Beets in the Summer

August 24, 2010

One of my go-to places for healthy, creative, and (usually) seasonal recipes is the New York Times “Recipes for Health” section. Last week I got together with a couple of classmates to catch up and cook dinner. We chose a recipe from the Times section that included beets and beet greens. My friends did most of the cooking and decided to add in Swiss chard for an extra nutritious boost. It’s always fun to get creative in the kitchen!

Beet and Beet Green Gratinbeet recipes
Serves: 6


  • 2 bunches beets (6 to 8), with the greens (about 2 pounds beets and 3/4 pound greens)
  • 1 bunch Swiss or rainbow chard (optional)
  • Salt to taste
  • 3 eggs
  • 3/4 cup low-fat milk
  • 1 tablespoon extra virgin olive oil
  • 2 large garlic cloves, minced
  • 1/3 cup chopped chives (1 bunch)
  • 2 ounces Gruyere cheese, grated (1/2 cup)
  • Freshly ground pepper to taste


  1. Roast the beets. Remove from the heat and allow to cool, then cut the ends off, slip off the skins and slice across the equator.
  2. Bring a large pot of water to a boil while you stem and wash the beet greens and/or chard in two changes of water. Fill a bowl with ice water. When the pot of water comes to a boil, salt generously and blanch the greens for about one minute. (You can also steam the greens until they wilt, one to two minutes). Transfer the greens to the ice water, then drain and squeeze out the water. Chop coarsely.
  3. Heat the olive oil over medium heat in a medium skillet, and add the garlic. Cook for about 30 seconds, stirring, until fragrant. Stir in the greens. Stir together for a minute, season the greens with salt and pepper, and remove from the heat.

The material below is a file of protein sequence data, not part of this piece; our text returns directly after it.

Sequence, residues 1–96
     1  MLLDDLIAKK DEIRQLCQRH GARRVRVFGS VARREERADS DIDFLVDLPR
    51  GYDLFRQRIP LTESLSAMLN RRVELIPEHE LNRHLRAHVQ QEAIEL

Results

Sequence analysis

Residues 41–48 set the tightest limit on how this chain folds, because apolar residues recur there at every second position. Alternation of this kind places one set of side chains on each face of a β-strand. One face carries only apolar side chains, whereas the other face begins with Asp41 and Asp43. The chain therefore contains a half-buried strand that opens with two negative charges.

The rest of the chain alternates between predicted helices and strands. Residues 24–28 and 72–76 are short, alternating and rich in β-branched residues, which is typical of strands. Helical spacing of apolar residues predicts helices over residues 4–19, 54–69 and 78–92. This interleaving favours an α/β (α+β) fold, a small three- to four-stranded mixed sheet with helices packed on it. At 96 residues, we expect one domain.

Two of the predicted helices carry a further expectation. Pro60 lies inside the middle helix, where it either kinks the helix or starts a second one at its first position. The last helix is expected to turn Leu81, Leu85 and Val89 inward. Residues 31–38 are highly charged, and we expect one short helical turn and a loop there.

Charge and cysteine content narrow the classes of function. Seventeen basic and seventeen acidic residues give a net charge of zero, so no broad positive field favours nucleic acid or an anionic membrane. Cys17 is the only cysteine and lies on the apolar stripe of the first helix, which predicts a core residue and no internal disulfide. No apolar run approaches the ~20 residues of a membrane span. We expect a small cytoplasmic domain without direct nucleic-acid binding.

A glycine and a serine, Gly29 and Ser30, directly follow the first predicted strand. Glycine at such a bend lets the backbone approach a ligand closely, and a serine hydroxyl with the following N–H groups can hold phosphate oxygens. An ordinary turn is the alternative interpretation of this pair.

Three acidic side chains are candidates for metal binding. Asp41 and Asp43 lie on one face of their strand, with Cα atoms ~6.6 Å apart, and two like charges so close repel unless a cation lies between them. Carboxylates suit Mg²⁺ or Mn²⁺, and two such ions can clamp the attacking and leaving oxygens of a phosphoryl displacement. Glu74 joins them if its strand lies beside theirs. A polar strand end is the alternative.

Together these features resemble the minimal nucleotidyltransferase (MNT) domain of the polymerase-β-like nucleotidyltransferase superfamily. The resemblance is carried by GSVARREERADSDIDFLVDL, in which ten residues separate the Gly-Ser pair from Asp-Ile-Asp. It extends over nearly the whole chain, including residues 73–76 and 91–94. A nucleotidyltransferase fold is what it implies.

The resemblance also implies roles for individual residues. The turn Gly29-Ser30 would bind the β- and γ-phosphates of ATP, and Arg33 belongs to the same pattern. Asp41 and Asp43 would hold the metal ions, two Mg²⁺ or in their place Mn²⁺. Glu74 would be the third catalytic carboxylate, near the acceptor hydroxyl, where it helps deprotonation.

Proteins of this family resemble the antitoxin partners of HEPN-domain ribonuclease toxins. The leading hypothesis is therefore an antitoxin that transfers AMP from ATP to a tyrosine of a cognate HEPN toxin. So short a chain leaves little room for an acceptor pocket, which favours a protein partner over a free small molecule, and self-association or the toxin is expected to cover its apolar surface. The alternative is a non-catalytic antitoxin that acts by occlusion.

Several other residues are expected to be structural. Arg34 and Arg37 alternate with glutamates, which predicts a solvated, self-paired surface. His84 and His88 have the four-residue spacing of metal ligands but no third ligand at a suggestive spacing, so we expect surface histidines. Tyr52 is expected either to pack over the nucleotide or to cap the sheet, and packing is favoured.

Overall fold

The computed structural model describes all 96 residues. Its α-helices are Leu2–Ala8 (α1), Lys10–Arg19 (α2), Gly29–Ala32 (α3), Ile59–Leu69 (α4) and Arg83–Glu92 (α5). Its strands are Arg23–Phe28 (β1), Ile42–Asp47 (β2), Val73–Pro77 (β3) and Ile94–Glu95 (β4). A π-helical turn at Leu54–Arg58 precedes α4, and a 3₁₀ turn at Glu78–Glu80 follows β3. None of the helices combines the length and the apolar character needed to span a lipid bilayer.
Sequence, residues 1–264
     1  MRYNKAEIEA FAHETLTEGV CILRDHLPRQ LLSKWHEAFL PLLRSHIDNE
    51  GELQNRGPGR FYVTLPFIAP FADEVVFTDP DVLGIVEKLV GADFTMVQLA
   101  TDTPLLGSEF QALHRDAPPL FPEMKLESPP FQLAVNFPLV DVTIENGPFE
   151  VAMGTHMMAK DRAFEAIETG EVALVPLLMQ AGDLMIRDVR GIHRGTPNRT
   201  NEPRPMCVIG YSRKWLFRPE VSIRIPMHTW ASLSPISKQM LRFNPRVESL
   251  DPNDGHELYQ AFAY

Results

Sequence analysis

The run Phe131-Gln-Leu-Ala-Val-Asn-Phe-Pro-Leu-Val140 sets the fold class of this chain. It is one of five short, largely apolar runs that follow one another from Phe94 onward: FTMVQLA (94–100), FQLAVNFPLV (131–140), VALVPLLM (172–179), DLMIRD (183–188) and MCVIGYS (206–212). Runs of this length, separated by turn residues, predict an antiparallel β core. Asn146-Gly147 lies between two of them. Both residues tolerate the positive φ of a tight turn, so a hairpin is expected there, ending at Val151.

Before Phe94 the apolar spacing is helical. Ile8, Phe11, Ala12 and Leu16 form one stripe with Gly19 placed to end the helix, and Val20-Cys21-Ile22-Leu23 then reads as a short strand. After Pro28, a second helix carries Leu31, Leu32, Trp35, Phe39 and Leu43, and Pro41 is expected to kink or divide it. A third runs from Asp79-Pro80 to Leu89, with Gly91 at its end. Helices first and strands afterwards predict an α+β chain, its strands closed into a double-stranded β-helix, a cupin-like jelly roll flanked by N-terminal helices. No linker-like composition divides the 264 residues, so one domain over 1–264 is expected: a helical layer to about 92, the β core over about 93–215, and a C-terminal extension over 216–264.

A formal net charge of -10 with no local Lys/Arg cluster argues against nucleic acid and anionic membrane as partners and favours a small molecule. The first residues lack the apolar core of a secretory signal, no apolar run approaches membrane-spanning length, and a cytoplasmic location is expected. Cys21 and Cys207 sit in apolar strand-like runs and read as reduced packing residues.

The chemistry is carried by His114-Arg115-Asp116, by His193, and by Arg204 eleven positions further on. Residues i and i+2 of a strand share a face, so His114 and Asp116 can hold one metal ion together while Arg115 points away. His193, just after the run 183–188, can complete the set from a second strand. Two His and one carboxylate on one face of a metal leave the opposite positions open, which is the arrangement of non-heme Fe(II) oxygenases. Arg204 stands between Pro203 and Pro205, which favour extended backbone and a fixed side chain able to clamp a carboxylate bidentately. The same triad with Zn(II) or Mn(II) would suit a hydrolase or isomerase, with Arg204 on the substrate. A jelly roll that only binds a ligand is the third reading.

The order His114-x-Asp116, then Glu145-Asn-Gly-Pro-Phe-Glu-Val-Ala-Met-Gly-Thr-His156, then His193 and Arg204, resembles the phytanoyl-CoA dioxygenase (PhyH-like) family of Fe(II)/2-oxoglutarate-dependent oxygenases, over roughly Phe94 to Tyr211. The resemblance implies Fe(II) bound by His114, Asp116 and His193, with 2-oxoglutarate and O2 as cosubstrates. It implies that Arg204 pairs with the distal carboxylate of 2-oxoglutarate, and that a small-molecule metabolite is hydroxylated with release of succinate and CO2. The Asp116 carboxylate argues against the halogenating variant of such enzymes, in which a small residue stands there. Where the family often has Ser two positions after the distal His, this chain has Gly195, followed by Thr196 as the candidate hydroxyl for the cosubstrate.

4. Preheat the oven to 375 degrees. Oil a 2-quart gratin or baking dish with olive oil. Beat together eggs, salt (about 1/2 teaspoon), pepper, milk, chives and the Gruyère. Gently stir in the greens and beets. Scrape into the gratin dish. Bake 35 to 40 minutes until set and lightly browned on the top. Allow to sit for 10 to 15 minutes before serving. Serve hot, warm or room temperature.

Nutritional Information per serving (from NYT): 167 calories, 8 grams fat, 3 grams saturated fat, 14 grams carbohydrates, 5 grams fiber, 10 grams protein, 290 milligrams sodium.

The dish was delicious and my friends told me that the leftovers were even better cold the next day for breakfast! I can’t wait to try the chilled version.

Nutrition Note: Beets are a great source of magnesium, potassium, and folate, and their greens are rich in iron, beta-carotene, and vitamin C. Most people throw away the beet greens, but they are actually a nutritious and delicious vegetable that tastes great added to a salad or simple stir-fry.

I also have to point out that when you are trying to stay on track it is so important to eat (and cook) with people who inspire healthy eating and enjoy simple, fresh foods. Finding new recipes and cooking with others has become one of my favorite social activities!

This post was written by nutritioulicious™ intern Jo Bartell

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  1. This sounds like a great recipe. I’m not a huge fan of beets (although I love beet greens) because beets always taste too sweet to me – but it sounds like the cheese in this recipe would balance out some of that sweetness.

  2. Thanks for the comments!

    crispandverdant I think beets can be very sweet sometimes too depending on how they are prepared. This is definitely more of a savory preparation than some other ways beets are used!

    Alysa, I hope you get some beets soon! There’s still time!